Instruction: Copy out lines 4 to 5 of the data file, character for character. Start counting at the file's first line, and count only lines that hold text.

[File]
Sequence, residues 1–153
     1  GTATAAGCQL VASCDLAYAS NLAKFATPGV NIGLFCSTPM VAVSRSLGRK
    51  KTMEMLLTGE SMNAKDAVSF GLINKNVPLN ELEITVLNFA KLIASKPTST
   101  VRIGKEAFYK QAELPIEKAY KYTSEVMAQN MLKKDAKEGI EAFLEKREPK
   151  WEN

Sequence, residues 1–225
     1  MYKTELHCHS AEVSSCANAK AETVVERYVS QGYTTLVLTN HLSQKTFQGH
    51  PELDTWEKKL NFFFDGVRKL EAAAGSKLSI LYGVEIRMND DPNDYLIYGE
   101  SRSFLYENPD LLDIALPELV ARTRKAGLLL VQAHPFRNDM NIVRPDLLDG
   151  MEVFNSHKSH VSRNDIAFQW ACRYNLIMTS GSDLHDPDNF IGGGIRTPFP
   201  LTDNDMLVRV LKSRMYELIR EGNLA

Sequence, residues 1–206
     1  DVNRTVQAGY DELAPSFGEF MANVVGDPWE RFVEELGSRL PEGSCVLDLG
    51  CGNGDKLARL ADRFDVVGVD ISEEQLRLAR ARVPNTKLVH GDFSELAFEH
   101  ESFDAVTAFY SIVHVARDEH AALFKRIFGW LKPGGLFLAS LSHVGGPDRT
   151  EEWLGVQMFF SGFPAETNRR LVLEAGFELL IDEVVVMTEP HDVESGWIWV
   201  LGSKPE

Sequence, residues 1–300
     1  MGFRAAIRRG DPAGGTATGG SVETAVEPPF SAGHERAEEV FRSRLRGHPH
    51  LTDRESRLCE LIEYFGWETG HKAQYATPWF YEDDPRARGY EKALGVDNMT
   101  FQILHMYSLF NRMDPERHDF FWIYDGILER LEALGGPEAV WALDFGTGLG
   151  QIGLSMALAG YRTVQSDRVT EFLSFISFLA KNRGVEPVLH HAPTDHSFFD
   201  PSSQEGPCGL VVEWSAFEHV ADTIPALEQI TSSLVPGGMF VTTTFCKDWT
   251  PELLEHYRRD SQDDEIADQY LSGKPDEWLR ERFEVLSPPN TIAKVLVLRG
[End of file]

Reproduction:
   101  VRIGKEAFYK QAELPIEKAY KYTSEVMAQN MLKKDAKEGI EAFLEKREPK
   151  WEN